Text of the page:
212 S Orange Blossom Trl,
Orlando, FL 32805-2204 United States
581203 - Ice Cream Parlors
Reviews for Goff's Drive In
Goff's Drive In
A Scoop of History
5 5 0
Posted On: Nov 03, 2015
Reviewer: Samuel Augustus Jennings
Goffs custard stand next to the old Winn Dixie (formerly Lovetts) on the TRAIL was the only takeout where blacks didnt have to go to the back door to be served. Since there was usually only one clerk at the popular little hut, back door service would have been a logistical nightmare. Shopping at Winn Dixie always meant buying the best WD brand steaks and stopping at Goffs for a soft twirled custard cone, shake, sundae, or banana split.
When I returned home in 2007 to spend my first Christmas in Orlando in over 20 years I decided to check out Goffs, one of Orlandos few surviving businesses from the 50s. I met a jubilant Joanne Truesdell and her daughter Bonnie whose family has been running the little hut since 1973. They eagerly shared Goffs history.
Edward Goff opened the stand in 1948 and was immediately attacked by local bigots for having only one outdoor water fountain and one take out window forcing blacks and whites to drink from the same fountain and stand in the same line. Goff defied tradition by refusing to budge.
In 1949 or 1950 an explosive ripped a huge hole in the wall next to the side service door says Joanne who is convinced the terrorist action was committed by the Klu Klux Klan and firmly believes Orange County Sheriff Dave Starr was the star Klansman.
My deceased husband Bill started working at Goffs as a teenager in 1953 and bought the place in 1973. He was well liked by the black and white community, Joanne recalls.
I fondly remember Bills friendly smile, his easy manner and the white soda jerk cap he always wore. Like the Good Humor Man and the candy man, Bill was friendly and cheerful and treated colored people with a respect rarely received from local white-owned businesses during the apartheid era. But most of all we loved him, because he had the best ice cream in town.
Around 1960 Winn Dixie hired Orlandos first black check out girl (my friend Sylvesters sister, Evelyn Mack) at a major supermarket.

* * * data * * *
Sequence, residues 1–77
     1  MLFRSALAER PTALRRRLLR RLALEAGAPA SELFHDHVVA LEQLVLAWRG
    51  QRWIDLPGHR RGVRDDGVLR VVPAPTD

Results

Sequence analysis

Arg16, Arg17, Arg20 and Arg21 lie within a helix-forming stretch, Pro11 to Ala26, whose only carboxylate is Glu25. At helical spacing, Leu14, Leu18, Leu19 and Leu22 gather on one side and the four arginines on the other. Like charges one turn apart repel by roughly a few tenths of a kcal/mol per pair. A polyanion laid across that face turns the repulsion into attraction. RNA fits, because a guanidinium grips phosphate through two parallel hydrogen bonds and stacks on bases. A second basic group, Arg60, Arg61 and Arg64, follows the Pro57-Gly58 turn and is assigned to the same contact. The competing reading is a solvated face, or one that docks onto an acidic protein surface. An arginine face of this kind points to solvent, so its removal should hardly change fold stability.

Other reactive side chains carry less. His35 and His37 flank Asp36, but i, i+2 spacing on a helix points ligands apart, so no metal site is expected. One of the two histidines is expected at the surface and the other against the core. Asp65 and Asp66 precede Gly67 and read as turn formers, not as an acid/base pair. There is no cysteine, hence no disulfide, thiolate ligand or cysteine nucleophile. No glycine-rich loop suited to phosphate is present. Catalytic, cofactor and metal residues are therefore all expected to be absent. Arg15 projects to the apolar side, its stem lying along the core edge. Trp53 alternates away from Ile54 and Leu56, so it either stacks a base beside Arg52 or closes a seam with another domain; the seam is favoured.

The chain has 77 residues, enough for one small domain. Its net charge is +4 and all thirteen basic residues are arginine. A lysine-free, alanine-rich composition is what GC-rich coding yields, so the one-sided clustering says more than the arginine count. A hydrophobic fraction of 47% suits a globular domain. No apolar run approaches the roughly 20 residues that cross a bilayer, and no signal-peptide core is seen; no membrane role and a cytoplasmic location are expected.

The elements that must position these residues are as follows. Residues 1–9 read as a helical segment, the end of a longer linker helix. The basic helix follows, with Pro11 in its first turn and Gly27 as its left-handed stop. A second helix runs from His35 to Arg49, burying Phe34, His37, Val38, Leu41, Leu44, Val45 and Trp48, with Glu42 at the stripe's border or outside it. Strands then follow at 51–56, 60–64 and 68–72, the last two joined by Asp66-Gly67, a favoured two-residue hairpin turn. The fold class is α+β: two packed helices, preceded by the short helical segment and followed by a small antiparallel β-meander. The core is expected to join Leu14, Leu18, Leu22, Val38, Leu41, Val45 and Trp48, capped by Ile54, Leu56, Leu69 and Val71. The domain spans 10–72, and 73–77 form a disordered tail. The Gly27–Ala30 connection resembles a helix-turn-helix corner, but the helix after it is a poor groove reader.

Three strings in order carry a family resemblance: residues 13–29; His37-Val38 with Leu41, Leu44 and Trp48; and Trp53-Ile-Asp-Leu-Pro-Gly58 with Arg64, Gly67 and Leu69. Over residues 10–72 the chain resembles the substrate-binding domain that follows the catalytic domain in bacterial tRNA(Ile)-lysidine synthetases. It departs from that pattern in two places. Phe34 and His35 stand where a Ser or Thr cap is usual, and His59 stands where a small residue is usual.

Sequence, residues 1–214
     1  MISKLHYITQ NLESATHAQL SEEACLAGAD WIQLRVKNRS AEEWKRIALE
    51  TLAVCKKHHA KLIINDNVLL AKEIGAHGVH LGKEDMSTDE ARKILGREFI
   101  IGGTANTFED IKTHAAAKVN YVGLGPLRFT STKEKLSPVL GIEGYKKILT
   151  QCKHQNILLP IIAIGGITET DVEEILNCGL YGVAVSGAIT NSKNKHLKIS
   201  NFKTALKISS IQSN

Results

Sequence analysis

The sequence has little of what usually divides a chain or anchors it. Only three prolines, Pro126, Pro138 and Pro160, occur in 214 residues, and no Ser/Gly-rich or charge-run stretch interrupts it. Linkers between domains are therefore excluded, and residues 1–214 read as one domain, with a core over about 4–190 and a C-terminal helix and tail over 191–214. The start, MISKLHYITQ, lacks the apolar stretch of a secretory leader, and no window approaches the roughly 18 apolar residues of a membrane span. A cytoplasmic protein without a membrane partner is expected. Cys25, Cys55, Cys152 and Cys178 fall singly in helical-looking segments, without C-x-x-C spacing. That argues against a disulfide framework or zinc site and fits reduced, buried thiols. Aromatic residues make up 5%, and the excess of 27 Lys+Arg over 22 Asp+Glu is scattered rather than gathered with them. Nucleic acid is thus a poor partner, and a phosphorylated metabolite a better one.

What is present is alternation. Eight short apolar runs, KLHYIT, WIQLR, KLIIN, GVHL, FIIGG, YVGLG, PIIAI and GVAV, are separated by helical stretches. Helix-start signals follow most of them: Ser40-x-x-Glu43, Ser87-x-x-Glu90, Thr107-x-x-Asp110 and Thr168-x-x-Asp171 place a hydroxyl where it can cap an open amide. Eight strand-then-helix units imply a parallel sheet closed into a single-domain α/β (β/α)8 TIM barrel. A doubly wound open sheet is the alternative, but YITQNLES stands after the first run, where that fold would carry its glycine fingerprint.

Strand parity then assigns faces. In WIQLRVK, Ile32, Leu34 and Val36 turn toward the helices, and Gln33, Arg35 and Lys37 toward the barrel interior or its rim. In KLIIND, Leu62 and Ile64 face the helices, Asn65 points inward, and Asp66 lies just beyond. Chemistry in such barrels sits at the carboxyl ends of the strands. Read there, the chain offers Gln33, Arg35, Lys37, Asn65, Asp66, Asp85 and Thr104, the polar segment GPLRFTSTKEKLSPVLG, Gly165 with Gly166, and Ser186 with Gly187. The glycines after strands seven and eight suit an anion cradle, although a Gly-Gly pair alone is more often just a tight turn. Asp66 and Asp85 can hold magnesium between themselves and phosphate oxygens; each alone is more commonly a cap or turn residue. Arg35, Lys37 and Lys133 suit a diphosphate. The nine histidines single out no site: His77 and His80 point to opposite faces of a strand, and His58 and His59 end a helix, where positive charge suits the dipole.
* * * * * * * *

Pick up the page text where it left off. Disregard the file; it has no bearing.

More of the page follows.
Publix (where Shopping is a Pleasure) said Never! The ONE
outdoor colored toilet for men and women at the Publix Market on the Trail at Robinson was not a pleasure.
On the other side of Winn Dixie was Moses Pharmacy, which hosted our first sit-in in1961. The manager ordered the waitresses to close the long lunch counter and turn on all the faucets.
The silver diner across the street which used to offer back door service for blacks is also long gone from this rather destitute area, so it is a real joy to see defiant little Goffs still standing.
Bill has passed on, but I betcha hes still serving the best custard to the angels in ice cream heaven right now.
Joanne, Bonnie, and I traded war stories on the racial transition in Orlando and we promised to keep in touch. Joanne is trying to joggle her memory of a riot in Orlando in the 60s and 70s when they were told to close the store before dark and keep a loaded shotgun on the premises for protection. I asked Joanne how they have managed to survive all these years.
She replied, We only use the best ingredient even though they cost more. To prove her point she asked me what I liked then handed me a complimentary cone of my favorite chocolate dipped vanilla custard and sent me merrily on my way.
I am grateful to the Truesdells for preserving a very delicate (and delicious!) part of my Orlando history.”
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